With initiatives like The 100,000 Genome Project, the UK has led the world on genomic research. In a bid to maintain that position, the governments of all four UK nations have now pledged their support for the sectors’ industry players.
Representatives from industry associations and the governments and NHS in all four UK nations will meet to discuss the future of the country’s genomics sector.
The workshop, due to be held later in the spring, is part of the Genomics 2020 strategy, which aims to cement the UK’s position as the best place in the world to conduct genomics research and grow new genomics healthcare companies.
“The vision recognises that to remain competitive in the life sciences, the UK will need to focus relentlessly on areas in which it already has, or can, gain, a competitive advantage – such as genomics,” said the authors of new set of UK-wide “shared commitments and priority actions” which were published earlier this week as part of the strategy’s implementation plan. “It also recognises that our ambition needs to be to create scale.”
That cannot be achieved without working hand in glove with researchers and industry, they go on, before pledging to support and incentivise the sector on its continued genomic journey in the UK.
“The UK has a diverse industrial life sciences sector, comprised of large multinationals, SMEs, and spinouts – all of which bring unique value and expertise to the UK’s genomics ecosystem. The innovations coming from the commercial UK genomics sector and their international partners and collaborators will underpin developments in research and healthcare for years to come,” they said.
Plans for a joint workshop
Among the shared commitments, which will be followed by four separate national implementation plans by the end of the year, is the intention to hold a joint workshop.
Convened in partnership with groups such as the Association of the British Pharmaceutical Industry (ABPI) and the Bioindustry Association (BIA), it will “discuss industry priorities and how these should be reflected in Genome UK implementation”.
“It is vital that we capitalise on the UK’s existing strength by continuing to foster an environment that allows companies to develop new treatments, deliver effective innovations to patients and grow at scale,” said the policy paper.
Other pledges include encouraging industry partnerships in research and development, and fostering a “supportive and attractive environment for genomics SMEs” by ensuring organisations are able to access resources such as data assets, biosampling capabilities, and academic and clinical expertise.
David Atkins, UK BIA representative on the National Genomics Board, welcomed the news, saying that SMEs were “a vital part of the UK’s existing strength in genomics”.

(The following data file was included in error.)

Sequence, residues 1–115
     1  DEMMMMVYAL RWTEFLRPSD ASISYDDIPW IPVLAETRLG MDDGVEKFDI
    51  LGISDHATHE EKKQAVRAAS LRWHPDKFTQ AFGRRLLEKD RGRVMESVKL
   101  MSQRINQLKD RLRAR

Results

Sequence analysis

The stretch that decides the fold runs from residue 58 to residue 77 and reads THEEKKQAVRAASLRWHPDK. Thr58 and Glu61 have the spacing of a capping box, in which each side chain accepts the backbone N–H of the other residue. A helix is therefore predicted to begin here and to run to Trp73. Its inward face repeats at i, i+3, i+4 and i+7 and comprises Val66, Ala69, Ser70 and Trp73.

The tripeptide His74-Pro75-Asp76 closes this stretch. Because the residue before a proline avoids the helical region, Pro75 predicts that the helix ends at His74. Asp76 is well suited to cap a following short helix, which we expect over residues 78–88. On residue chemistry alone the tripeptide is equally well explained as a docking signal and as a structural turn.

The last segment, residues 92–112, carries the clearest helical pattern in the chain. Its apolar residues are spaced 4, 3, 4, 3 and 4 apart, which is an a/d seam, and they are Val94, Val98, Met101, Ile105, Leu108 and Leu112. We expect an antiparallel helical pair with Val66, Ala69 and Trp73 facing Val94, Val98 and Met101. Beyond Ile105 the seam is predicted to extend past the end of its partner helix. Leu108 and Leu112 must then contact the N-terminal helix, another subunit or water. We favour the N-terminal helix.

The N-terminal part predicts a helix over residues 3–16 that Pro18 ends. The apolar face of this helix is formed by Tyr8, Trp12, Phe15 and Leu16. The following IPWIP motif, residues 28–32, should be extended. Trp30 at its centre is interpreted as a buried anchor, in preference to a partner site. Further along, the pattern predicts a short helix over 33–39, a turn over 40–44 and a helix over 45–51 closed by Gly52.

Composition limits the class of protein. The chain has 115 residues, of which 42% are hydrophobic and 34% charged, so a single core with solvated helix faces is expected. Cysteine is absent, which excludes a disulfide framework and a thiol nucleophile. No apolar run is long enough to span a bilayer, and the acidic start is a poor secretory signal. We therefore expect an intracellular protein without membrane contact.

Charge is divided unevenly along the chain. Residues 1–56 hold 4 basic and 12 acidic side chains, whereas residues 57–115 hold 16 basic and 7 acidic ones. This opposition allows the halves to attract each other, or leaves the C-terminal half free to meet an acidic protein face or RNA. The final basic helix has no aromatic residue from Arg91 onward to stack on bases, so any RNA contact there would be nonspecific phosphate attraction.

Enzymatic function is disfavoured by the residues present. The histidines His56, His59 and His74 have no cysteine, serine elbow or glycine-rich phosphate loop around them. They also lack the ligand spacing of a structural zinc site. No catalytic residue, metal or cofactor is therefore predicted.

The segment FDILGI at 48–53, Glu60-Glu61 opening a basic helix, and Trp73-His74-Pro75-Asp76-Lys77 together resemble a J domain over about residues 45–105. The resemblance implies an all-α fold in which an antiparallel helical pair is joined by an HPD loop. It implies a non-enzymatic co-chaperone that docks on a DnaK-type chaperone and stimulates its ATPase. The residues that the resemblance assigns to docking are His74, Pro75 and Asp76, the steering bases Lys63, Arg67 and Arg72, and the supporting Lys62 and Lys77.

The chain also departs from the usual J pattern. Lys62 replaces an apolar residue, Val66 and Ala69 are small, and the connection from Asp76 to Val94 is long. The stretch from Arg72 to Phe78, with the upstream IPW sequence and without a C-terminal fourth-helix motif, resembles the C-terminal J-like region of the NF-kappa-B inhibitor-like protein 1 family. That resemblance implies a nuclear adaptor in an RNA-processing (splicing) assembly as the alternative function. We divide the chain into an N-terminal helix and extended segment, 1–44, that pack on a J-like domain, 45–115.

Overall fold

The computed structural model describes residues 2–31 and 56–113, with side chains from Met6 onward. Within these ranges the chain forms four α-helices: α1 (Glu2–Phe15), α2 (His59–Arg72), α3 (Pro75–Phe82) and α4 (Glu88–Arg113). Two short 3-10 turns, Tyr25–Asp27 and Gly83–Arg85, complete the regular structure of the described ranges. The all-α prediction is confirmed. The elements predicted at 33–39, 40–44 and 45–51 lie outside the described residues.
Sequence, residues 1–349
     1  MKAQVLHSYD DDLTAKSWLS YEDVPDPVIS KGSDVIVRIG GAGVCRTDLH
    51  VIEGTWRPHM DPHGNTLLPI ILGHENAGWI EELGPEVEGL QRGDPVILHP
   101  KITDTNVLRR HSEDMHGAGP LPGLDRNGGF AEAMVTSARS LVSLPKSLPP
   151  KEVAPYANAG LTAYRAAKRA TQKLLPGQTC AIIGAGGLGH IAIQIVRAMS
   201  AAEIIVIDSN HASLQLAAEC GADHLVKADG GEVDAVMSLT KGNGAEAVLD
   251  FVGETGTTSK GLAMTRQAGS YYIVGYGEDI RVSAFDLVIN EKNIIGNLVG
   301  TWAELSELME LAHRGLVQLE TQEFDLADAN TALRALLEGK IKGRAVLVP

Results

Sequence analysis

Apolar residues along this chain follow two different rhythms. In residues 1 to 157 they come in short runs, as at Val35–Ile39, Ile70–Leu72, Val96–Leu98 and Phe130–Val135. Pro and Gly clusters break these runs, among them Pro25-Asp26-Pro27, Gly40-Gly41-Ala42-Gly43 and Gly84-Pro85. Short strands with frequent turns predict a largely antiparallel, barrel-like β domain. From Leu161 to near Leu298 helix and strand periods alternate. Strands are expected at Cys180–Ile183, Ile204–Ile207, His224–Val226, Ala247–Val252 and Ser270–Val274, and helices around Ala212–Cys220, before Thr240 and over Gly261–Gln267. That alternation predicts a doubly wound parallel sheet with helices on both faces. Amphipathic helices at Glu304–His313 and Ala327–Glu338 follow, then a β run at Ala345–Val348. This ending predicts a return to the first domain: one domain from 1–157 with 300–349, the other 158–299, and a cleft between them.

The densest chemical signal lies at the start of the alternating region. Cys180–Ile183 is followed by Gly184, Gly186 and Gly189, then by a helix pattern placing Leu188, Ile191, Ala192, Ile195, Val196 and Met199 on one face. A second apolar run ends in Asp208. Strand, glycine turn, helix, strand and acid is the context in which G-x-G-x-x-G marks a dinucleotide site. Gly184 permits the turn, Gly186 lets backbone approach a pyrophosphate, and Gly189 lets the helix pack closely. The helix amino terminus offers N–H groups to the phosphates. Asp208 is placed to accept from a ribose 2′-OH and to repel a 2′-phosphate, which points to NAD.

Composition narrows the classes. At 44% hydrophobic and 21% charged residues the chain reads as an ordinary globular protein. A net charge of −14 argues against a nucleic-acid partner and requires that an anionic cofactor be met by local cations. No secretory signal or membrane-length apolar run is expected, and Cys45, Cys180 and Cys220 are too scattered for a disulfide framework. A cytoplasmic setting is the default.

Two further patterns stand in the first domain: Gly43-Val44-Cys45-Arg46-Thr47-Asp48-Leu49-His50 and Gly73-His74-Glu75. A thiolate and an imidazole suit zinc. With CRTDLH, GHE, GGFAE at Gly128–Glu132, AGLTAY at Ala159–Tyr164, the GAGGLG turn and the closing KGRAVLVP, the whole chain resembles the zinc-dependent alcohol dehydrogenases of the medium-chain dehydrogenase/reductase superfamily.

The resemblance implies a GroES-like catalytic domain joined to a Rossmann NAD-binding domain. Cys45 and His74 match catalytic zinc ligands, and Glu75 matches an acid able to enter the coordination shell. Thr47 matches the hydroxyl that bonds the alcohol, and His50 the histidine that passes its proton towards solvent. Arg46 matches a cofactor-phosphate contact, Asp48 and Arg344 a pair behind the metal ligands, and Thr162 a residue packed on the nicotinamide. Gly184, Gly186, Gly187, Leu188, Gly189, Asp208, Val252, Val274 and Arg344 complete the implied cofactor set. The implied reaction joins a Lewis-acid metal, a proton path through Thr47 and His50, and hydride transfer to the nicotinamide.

“Fostering the right environment and developing a workforce for these companies is key to achieving the ambition of Genome UK,” he went on.
“The commitments set out in this plan, including enabling industry access to clinical assets, expertise and partnerships, are an important step in realising the vision of making the UK the best place to start and scale new genomics companies.”
The ABPI agreed, saying it looked forward to further collaboration between the government, the pharmaceutical industry, and the research sector to “harness the UK’s world-class genomics capability”.
“Genomics is already transforming lives, helping our scientists create new generations of treatments for many conditions. To ensure patients can benefit from these new breakthroughs, a coordinated effort across the UK is needed – which these plans demonstrate,” said Jennifer Harris, the ABPI’s Director of Research Policy.
Cementing UK leadership
Through the vision, the UK government wants to ensure patients can benefit fully from genomic healthcare, through a more preventative approach, faster diagnosis, and personalised and better treatment leading to better long-term outcomes.
The country already has “fantastic expertise, tools and world-leading initiatives in UK genomics” – including the 100,000 Genomes Project, the UK Rare Diseases Framework, and the Genomic Test Evaluation Working Groups.
The challenge now, the team says, is how to bring these together in a transformative way that places the UK firmly ahead of its competition, “while making it a valued partner for international collaboration and an attractive location for investment”.
Collaboration – across sectors, silos, and governments – is the key.
Sajid Javid, Secretary of State for Health and Social Care, said: “By harnessing the power and innovation of genomic research, we can reduce diagnosis times and use cutting-edge treatments for some of the biggest health challenges we face, including cancer.
“By coming together and agreeing these new shared commitments, we will ensure patients across all four nations of the UK can benefit from these pioneering advancements and cement our place as a world leader in research and genomics.”
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